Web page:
What’s AHEAD for Intel and Yahoo After Earnings BEATS?
Both Yahoo (NASDAQ:YHOO) and Intel (NASDAQ:INTC) beat estimates with their quarterly earnings reports on Tuesday, but face different kinds of challenges in the second half of the year. Yahoo’s earnings beat will undoubtedly give confidence to new chief executive Marissa Mayer, but investors are looking at her to further boost revenue as rivals Facebook (NASDAQ:FB) and Google (NASDAQ:GOOG) become stronger.
Intel, the world’s largest semiconductor maker, also had good news on the day, but was forced to forecast third-quarter sales lower than some analysts had estimated. Intel is getting hurt by the economic slowdown in China, now the largest computer market, as well as the increasing pressure on PC sales from tablets.
For Yahoo (NASDAQ:YHOO), second-quarter earnings, excluding some items, were 27 cents a share, beating the 23 cent average estimate. Net income attributable to the company fell to $226.6 million, or 18 cents a share, from $237 million, or 18 cents, a year earlier. Yahoo’s overall sales tumbled 21 percent to $4.98 billion last year as users devoted less time on the service.
“Non-GAAP earnings per share exceeded consensus and both display and search revenue ex-TAC showed modest growth,” chief financial officer Tim Morse said in a statement. “We also moved aggressively with new strategic agreements with Alibaba and Facebook and announced several new partnerships.”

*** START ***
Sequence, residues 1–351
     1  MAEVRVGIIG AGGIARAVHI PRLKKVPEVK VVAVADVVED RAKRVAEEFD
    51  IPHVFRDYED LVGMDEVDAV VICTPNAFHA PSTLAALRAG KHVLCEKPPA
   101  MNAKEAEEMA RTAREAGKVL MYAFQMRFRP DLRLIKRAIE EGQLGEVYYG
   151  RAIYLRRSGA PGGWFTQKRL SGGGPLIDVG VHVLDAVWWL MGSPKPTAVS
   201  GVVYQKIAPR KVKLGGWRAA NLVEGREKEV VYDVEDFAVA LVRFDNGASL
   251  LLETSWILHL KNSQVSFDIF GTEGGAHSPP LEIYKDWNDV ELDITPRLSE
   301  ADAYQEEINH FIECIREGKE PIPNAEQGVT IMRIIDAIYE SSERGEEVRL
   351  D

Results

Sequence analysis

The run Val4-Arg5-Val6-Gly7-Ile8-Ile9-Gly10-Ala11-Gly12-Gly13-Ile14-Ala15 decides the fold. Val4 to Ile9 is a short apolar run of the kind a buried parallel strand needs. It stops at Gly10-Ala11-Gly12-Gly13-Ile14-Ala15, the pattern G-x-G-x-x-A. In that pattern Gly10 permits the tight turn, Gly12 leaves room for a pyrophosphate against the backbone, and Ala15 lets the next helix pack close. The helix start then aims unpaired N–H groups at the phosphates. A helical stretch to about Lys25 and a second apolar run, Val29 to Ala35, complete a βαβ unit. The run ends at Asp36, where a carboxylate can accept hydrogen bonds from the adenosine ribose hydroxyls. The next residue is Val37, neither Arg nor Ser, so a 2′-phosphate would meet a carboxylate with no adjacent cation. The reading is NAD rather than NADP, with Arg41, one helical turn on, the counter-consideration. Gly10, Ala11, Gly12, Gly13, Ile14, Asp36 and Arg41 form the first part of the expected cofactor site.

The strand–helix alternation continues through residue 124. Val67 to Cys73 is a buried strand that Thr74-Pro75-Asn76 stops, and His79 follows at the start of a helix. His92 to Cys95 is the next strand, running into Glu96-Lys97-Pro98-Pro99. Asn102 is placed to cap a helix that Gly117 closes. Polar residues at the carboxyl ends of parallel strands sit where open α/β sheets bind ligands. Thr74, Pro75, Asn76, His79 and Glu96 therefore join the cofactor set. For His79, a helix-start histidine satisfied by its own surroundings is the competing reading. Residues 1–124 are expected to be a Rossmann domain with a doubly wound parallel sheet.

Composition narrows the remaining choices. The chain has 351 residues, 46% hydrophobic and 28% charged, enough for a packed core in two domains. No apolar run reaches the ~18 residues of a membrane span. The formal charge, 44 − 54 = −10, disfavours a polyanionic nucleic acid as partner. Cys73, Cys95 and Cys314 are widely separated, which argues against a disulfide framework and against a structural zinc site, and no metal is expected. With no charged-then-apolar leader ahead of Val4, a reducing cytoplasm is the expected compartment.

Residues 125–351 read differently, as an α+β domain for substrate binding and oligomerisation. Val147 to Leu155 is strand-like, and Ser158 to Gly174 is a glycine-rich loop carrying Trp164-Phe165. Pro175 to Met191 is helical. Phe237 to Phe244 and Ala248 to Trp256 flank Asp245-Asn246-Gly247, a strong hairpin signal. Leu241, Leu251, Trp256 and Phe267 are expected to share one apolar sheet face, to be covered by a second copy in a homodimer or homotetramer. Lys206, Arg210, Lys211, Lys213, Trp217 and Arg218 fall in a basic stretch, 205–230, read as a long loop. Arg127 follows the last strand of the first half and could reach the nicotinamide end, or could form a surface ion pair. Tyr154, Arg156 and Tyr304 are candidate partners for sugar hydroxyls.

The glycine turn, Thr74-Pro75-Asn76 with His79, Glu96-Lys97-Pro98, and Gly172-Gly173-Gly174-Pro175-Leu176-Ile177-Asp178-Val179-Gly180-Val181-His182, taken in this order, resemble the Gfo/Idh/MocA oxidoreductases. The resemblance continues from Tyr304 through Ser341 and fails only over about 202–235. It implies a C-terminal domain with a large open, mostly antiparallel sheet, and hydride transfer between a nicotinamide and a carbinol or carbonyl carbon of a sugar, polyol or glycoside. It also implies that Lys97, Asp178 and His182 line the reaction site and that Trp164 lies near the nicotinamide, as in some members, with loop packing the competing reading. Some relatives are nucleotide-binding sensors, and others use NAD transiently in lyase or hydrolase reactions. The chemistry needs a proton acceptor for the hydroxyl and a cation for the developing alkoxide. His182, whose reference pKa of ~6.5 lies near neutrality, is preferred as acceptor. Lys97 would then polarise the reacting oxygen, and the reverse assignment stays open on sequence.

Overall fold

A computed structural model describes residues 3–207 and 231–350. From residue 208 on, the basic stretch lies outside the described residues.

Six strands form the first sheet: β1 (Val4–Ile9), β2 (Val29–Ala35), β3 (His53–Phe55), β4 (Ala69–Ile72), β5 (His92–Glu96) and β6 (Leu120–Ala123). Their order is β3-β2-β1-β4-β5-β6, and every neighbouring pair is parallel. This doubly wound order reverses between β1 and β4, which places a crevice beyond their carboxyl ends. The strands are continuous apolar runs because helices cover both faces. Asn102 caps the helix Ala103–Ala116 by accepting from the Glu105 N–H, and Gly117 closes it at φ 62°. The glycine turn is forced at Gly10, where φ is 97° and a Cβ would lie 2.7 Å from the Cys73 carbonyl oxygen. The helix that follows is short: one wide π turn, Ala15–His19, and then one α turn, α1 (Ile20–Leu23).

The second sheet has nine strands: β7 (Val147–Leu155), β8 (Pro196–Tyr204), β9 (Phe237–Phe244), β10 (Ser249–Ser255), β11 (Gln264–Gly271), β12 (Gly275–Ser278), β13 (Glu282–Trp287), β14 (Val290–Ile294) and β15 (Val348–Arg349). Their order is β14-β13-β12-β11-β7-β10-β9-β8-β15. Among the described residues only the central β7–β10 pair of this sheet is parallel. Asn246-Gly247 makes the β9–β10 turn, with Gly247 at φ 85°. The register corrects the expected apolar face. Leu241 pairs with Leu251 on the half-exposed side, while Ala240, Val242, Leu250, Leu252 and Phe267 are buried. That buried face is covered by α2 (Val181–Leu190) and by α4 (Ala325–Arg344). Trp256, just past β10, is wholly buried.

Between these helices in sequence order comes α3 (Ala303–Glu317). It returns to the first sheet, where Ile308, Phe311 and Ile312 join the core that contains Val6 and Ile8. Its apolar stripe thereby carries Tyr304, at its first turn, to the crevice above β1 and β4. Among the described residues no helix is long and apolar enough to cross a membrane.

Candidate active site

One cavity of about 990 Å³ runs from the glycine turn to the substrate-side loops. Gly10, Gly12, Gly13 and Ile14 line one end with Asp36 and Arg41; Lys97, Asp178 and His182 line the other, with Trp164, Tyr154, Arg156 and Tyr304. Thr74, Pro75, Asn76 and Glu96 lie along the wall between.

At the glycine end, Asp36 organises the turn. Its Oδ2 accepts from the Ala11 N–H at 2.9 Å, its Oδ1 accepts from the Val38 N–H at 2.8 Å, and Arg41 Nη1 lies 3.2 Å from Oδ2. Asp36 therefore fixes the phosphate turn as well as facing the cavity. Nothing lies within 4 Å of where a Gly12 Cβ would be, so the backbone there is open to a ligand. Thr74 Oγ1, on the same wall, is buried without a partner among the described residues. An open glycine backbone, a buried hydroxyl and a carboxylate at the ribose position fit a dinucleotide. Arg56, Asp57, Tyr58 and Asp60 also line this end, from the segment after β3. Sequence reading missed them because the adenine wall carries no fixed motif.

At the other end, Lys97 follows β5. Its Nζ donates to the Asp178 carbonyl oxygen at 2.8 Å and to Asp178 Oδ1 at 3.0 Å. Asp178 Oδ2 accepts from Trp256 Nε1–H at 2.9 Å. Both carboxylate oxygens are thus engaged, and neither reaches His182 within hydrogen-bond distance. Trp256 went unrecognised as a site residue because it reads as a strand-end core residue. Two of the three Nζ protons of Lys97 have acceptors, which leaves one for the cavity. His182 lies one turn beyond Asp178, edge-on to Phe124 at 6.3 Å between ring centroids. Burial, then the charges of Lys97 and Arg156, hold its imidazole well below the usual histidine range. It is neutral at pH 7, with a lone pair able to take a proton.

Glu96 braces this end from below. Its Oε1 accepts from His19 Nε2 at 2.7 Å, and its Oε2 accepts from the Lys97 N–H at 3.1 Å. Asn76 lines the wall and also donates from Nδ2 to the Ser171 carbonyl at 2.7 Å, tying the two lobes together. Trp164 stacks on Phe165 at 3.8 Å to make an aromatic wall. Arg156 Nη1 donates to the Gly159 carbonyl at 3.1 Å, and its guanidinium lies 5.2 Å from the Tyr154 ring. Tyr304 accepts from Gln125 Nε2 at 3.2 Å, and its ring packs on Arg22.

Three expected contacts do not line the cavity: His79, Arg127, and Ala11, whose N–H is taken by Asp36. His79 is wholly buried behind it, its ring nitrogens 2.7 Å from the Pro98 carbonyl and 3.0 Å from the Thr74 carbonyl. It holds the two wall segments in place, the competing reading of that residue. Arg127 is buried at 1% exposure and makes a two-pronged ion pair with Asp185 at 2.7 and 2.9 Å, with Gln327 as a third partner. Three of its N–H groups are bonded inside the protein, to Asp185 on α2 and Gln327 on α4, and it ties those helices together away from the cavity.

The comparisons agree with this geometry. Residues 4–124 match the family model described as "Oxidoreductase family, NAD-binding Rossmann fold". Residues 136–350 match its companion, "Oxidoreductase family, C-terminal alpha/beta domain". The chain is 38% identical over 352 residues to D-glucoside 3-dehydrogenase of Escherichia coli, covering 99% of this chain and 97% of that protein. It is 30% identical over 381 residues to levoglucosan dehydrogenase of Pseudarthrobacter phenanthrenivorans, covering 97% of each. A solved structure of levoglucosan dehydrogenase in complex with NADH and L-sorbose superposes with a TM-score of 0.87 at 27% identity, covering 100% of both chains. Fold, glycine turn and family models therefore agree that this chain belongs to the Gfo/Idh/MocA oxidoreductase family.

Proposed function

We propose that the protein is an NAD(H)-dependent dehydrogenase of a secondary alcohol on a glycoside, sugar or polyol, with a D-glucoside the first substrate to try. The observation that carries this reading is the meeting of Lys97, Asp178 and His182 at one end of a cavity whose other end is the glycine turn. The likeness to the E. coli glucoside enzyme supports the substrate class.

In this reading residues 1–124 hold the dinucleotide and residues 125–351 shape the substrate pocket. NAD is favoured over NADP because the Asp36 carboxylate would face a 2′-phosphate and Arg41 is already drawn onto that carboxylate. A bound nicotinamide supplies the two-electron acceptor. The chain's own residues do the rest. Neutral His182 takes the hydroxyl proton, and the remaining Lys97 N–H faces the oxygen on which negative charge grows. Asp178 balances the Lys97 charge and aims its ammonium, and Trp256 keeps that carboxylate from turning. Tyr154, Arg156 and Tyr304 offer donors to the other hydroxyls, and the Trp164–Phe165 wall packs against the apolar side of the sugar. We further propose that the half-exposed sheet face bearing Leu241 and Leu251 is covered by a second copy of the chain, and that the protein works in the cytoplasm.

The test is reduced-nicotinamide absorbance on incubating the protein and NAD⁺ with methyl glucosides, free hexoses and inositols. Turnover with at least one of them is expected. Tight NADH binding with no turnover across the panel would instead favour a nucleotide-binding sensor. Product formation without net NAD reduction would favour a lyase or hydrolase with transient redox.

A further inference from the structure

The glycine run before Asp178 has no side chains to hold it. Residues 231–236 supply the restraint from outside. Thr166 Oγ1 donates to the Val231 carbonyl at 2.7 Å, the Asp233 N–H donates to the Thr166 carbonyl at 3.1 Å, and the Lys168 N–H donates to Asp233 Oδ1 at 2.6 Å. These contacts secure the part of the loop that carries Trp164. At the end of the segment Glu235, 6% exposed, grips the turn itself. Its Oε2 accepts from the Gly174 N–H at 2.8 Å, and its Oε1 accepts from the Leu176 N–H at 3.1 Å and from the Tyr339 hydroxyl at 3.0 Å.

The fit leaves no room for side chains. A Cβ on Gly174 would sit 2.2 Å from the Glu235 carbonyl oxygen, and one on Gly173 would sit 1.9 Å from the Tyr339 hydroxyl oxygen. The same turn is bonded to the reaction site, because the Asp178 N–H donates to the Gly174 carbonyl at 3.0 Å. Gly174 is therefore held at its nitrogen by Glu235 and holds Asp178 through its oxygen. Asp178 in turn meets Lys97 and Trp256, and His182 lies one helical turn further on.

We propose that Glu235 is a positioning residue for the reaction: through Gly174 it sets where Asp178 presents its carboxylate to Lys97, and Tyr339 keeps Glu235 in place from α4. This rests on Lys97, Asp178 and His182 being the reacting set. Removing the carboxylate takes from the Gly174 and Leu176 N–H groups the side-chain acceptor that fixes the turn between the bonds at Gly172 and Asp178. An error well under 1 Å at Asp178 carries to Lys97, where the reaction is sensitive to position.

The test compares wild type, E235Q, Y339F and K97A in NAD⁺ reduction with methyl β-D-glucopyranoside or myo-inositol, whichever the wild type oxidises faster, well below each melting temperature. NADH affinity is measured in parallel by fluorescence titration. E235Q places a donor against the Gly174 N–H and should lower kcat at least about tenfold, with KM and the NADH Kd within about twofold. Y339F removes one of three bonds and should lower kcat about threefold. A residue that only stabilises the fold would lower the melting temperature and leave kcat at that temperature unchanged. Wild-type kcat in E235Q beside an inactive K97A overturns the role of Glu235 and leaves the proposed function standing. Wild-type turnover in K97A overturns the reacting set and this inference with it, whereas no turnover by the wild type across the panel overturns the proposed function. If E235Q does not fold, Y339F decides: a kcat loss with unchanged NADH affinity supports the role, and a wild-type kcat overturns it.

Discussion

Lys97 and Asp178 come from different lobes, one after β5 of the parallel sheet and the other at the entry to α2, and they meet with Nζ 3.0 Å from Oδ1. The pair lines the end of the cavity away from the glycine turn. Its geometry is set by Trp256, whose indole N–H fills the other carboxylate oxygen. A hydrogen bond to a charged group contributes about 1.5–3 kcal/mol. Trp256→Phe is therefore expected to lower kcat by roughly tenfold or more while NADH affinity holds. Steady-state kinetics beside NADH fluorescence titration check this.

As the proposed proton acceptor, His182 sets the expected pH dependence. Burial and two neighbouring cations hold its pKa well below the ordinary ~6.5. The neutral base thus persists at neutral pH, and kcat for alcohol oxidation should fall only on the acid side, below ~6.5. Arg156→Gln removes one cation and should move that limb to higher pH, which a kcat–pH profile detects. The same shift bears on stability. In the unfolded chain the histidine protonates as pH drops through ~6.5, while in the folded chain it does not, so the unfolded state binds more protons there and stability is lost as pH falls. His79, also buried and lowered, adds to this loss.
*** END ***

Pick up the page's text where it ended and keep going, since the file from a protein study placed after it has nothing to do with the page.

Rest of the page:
Mayer is the company’s fifth CEO in three years and took over from Ross Levinsohn, who ran Yahoo on an interim basis after Scott Thompson resigned in May over apparent inaccuracies in his resume.
Yahoo (NASDAQ:YHOO) edged lower 0.32 percent, or 5 cents, to be at $15.55 after hours.
Intel (NASDAQ:INTC) said net income for the second quarter was $2.83 billion, or 54 cents a share, compared with $2.95 billion, or 54 cents, a year earlier. Sales rose 3.6 percent to $13.5 billion. Analysts had projected profit of 52 cents a share on sales of $13.5 billion. However, the company said revenue in the current period will be $14.3 billion, plus or minus $500 million, below analyst projections of $14.6 billion.
Intel (NASDAQ:INTC) had long maintained that demand outside the U.S. and Europe, especially in China, would drive sales of PCs as more consumers in developing nations buy their first computers. However, the company’s forecast today adds to the concern that even sales expansion in China may not be enough to counter the falling demands elsewhere. Last week, Intel rival AMD (NYSE:AMD) had announced an unexpected 11 percent drop in second-quarter revenue, blaming the weakness in China and Europe for it.
Intel (NASDAQ:INTC) was down 0.99 percent, or 25 cents, at $25.13 in after-hours trading.
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